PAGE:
Professor Dick Thijssen

Professor of Cardiovascular Physiology and Exercise

Professor Thijssen’s research is focused on exploring the relationship between physical (in)activity and the development of chronic diseases (e.g. cardiovascular diseases, diabetes, obesity). More specifically, he strongly focus on examining changes in cardiovascular function and structure, which relate to the development of (co)morbidities. Using this knowledge, he aim to understand and optimise the effects of exercise training to prevent morbidity and mortality in various (pathology) groups by examining novel interventions, such as high-intensity exercise, and combining exercise with (local and systemic) heat exposure, ischemic preconditioning, or pharmacological treatment. Dick has profound expertise on the state-of-the-art invasive and non-invasive measurement of vascular function and structure in humans. Moreover, Prof. Thijssen is currently leading an international working group on reference values for flow-mediated dilation.

Dick completed his undergraduate studies at University of Applied Sciences (BSc in Physiotherapy) and Radboud University (Biomedical Sciences). He gained his PhD (Endothelin and Exercise training) from the Radboud University Nijmegen (the Netherlands). Subsequently, he worked as a post-doctoral researcher at Liverpool John Moores University and Radboud University Nijmegen. In 2013, Dick returned to Liverpool John Moores University and he now is the group leader of the Cardiovascular Research group.

Areas of research focus + technical expertise
  • Impact of acute and chronic effect of exercise or physical inactivity on the vasculature
  • Exercise training and physical activity interventions to improve cardiovascular health
  • Impact of a spinal cord injury on cardiovascular health and role of exercise training
  • Technical expertise: measurement of vascular function and structure
  • 2012: Honourable Mention at the European Athletics Innovation Award 2012 (awarded for the identification of ischemic preconditioning as a tool to improve exercise performance)
  • 2012: New Investigator Award from the American College of Sports Medicine
  • 2011: Poster Presentation Award at the CardioVascularConference (Noordwijkerhout, the Netherlands)
  • 2010: UK Sports Ideas4Innovation-award to study the impact of ischaemic preconditioning on physical performance in elite athletes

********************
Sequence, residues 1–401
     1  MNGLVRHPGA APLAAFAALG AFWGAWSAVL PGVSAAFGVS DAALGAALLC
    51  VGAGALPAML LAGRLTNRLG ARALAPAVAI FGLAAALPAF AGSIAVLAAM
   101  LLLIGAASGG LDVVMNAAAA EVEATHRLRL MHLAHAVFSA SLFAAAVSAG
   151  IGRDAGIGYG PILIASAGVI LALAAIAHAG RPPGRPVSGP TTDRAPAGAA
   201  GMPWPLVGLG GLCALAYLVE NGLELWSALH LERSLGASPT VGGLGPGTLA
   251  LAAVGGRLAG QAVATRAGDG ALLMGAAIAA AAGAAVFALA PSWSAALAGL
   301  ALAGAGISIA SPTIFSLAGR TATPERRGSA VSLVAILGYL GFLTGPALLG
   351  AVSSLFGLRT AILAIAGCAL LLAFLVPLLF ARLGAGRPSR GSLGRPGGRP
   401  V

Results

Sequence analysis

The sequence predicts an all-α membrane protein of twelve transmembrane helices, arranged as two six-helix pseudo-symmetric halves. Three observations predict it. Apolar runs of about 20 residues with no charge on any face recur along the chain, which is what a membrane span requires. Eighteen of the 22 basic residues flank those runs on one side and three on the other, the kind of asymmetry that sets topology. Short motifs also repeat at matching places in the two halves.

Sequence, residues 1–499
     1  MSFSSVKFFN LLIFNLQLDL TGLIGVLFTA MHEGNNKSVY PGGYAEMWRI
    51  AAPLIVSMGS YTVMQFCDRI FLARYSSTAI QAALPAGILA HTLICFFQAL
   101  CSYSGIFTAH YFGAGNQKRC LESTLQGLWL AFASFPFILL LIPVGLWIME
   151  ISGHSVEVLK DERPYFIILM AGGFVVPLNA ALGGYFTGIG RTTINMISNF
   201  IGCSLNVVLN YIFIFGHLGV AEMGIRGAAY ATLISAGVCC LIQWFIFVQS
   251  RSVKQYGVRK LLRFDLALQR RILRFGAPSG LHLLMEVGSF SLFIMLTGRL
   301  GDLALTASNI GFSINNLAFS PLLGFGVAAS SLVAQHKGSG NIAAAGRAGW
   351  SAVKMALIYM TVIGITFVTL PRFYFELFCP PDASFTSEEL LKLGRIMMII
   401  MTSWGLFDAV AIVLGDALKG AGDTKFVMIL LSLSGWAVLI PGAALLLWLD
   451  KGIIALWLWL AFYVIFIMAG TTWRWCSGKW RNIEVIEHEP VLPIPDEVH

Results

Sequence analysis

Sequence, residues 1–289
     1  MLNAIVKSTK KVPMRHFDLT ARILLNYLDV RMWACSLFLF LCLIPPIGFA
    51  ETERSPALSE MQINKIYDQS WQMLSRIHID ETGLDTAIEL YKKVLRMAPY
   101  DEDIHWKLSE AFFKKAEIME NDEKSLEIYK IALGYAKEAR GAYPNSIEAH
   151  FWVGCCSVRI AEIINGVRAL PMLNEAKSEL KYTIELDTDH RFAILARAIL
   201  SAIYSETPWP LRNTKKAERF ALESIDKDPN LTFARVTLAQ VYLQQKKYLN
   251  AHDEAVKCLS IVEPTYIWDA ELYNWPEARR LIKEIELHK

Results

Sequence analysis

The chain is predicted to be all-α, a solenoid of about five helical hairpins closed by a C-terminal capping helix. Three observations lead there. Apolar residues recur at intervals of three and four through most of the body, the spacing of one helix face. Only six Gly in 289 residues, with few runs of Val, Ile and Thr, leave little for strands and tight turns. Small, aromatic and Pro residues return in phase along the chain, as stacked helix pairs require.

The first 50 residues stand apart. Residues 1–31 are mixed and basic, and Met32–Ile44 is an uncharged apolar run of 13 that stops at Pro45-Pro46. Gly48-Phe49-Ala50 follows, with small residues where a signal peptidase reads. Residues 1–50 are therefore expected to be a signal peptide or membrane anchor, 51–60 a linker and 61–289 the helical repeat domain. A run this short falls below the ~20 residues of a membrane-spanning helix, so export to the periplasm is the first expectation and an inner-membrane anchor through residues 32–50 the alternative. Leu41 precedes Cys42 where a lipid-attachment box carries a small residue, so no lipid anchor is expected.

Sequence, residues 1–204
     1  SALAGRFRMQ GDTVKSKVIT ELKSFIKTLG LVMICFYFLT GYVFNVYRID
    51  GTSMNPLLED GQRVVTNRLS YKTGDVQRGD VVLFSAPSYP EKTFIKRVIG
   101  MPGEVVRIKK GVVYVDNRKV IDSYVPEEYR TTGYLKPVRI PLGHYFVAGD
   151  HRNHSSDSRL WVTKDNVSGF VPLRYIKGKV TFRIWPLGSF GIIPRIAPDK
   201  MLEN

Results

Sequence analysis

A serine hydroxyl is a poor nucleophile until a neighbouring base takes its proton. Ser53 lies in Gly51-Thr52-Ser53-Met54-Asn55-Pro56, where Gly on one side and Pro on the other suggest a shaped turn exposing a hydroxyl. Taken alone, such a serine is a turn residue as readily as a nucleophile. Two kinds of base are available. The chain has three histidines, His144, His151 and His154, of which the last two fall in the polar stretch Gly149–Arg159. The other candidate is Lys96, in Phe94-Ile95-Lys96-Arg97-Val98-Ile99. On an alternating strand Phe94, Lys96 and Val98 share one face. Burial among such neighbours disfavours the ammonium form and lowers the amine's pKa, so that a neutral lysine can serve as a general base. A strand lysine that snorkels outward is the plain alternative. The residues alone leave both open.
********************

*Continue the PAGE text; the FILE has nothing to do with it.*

• 2010: Dr. E. Dekker-stipend to study the impact of moderate- and high-intensity exercise training on the role of endothelin-1 and nitric oxide in heart failure
  • 2009: Oded Bar-Or Award for International Scholars from the American College of Sports Medicine
  • 2008: Young Physiologists Prize for oral presentation at the European College of Sports Science (Estoril, Portugal)
  • 2004: Young Physiologists Prize for the best oral presentation at the annual Young Physiologists Day
  • 2003: Annual faculty prize (Biomedical Health Sciences, Radboud University Nijmegen) for the best MSc-thesis.
Current research projects
  • Role of shear rate in mediating vascular adaptation in function and structure (collaboration with Prof. Green)
  • Validation of the carotid artery vasoreactivity test (collaboration with Dr. Oxborough)
  • Role of acute changes in vascular function for chronic vascular adaptations (collaboration with Dr. Dawson)
  • Impact of ischemic preconditioning on the vasculature and performance (collaboration with Prof. Cable, Dr. Jones)
  • Predictive capacity of exercise-induced changes in troponin (collaboration with Prof. George)
  • Impact of spinal cord injury on cardiovascular function (collaboration with Drs. Low and Jones)
  • Effects of physical activity patterns on cardio- and cerebrovascular function (collaboration with Dr. Hopkins)
  • Validation and assessment of novel techniques for cardiac function (collaboration with Dr. Oxborough)
Recent research grants
  • BBSRC (2014), Break down sedentarism to build up brain (in collaboration with Dr. Hopkins)

    Page last modified 27 February 2014.

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